October 30, 2003, VANCOUVER – The Humane Society of Canada is asking people not to react with alarm over a new scientific report released today that the SARS virus can be transmitted to cats and ferrets. “We need to show common sense and calm, not panic” according to Al Hickey, HSC Western Regional Director. “While the studies indicate that cats and ferrets can get the SARS virus, the felines studied suffered little and showed no symptoms while some of the ferrets became lethargic and one died,” he says. For more information on the study, please see the Backgrounder below.


So far there is no evidence that SARS can be transmitted from a cat or a ferret to a person. Even if it turns out that some pets can transmit the SARS virus to humans, The Humane Society of Canada stresses that this is no reason for people to get rid of their animal companions; according to HSC Executive Director Michael O’Sullivan whose family shares their home with cats and dogs.

“There are more than 6.43 million cats living in Canadian homes. They are our friends, our companions and a part of our families,” says O’Sullivan. He is also quick to point out that over the last 30 years; he has worked with all kinds of animals here in Canada and all around the world. During that time, he has been bitten, scratched and kicked, but only ever become sick on two occasions.

“Indoor cats are exposed to considerably fewer diseases and viruses than those felines who are allowed outdoors,” says O’Sullivan. “So by keeping your feline companions indoors you will be protecting them and likely reducing your veterinary costs. All pets should always be up-to-date with their vaccinations anyway,” he says.

When the SARS outbreak first hit Canada earlier this year, his organization wrote to the Federation of Canadian Municipalities urging them to close down markets where live animals were being sold for food, because O’Sullivan knew from first hand experience that these markets put people and animals at grave risk. The World Health Organization and the Center for Disease Control eventually tracked the source of SARS to Chinese markets where wild animals were being killed for food. For more information, please go to our website’s SARS information page.

O’Sullivan also wants to see politicians do more to help dogs and cats in our communities: “Governments need to encourage spaying and neutering to reduce pet overpopulation, which in turn will mean fewer homeless animals and less concern over the spread of disease. Low cost spay/neuter clinics, higher licence fees for animals which have not been sterilized are just two ways to improve the lives of animals and people,” he says.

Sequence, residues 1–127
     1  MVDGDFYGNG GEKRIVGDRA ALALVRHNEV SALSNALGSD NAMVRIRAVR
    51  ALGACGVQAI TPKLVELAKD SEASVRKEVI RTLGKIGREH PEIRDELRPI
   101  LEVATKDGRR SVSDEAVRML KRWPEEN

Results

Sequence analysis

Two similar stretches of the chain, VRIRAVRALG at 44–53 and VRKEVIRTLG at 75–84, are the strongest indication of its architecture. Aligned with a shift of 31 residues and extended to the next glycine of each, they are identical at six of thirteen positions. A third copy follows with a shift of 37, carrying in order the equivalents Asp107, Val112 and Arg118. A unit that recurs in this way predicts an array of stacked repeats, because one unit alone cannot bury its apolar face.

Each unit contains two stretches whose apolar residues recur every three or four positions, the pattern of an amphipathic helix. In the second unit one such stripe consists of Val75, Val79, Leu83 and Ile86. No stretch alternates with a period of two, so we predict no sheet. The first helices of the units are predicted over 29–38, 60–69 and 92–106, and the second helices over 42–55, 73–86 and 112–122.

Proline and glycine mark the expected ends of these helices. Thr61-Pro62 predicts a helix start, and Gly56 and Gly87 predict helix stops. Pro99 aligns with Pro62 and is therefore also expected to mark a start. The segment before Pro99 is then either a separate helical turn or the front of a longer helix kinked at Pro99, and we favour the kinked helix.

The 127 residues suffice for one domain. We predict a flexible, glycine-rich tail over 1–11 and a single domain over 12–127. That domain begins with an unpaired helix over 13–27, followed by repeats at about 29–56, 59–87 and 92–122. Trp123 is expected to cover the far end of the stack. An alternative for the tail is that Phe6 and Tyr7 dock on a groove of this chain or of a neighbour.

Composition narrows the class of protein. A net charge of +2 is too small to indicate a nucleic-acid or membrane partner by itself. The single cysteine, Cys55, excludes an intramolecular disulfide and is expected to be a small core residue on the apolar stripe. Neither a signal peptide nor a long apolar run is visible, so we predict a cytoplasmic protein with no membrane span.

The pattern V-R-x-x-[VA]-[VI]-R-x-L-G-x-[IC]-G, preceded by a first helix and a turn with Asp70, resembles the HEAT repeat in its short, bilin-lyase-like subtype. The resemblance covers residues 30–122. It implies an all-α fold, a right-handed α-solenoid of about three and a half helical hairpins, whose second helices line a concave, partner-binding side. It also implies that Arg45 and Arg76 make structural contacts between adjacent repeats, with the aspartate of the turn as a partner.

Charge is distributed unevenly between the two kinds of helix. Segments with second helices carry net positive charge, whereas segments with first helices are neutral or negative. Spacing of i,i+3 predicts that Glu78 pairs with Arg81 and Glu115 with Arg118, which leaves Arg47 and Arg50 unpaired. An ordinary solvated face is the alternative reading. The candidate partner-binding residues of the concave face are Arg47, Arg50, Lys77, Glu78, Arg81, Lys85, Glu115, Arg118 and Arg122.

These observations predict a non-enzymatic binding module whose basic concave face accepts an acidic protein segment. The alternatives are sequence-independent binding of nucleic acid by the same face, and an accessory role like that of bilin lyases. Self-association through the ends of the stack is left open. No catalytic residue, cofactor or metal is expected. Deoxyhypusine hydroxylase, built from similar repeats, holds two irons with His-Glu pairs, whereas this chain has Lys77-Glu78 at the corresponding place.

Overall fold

“The important thing to remember,” says O’Sullivan “is that pets are our friends, and we need to protect our four legged friends and each other from diseases which can be prevented. Their safety, means our safety,” he says.

CONTACT: Michael O'Sullivan by toll free 1-800-641-KIND or Michael on his cell phone (416) 876-9685 or at www.humanesociety.com via twitter at www.twitter.com/HSCanada and on Facebook at: http://www.facebook.com/pages/The-Humane-Society-of-Canada/211468055538280

[For more than 17 years, Al Hickey was the Chief Executive of the BC SPCA and before that headed up the Alberta and BC Chambers of Commerce, and was the Executive Director of the Boys and Girls Club of Greater Vancouver. He has been The HSC Western Regional Director for over 12 years. He has 4 children and 6 grandchildren. For his lifetime of achievement dedicated to helping people, animals and the environment, we have bestowed upon him our prestigious Heroes for Animals Award, shared by only a handful of people and organizations.

A father with two children, and a houseful of dogs and cats, Michael O'Sullivan has worked across Canada and in over 110 countries during the last 40 years helping people, animals and nature.]

The Humane Society of Canada (HSC) works to protect dogs, cats, horses, birds, rabbits and small animals, livestock, lab animals, wildlife and the environment. We carry out hands on programs to help animals and nature, mount rescue operations, expose cruelty through hard hitting undercover investigations, work to pass laws to protect animals, use a multidisciplinary approach, support animal shelters and wildlife rehabilitation centres, and spread the word about how to help animals and nature through humane education.

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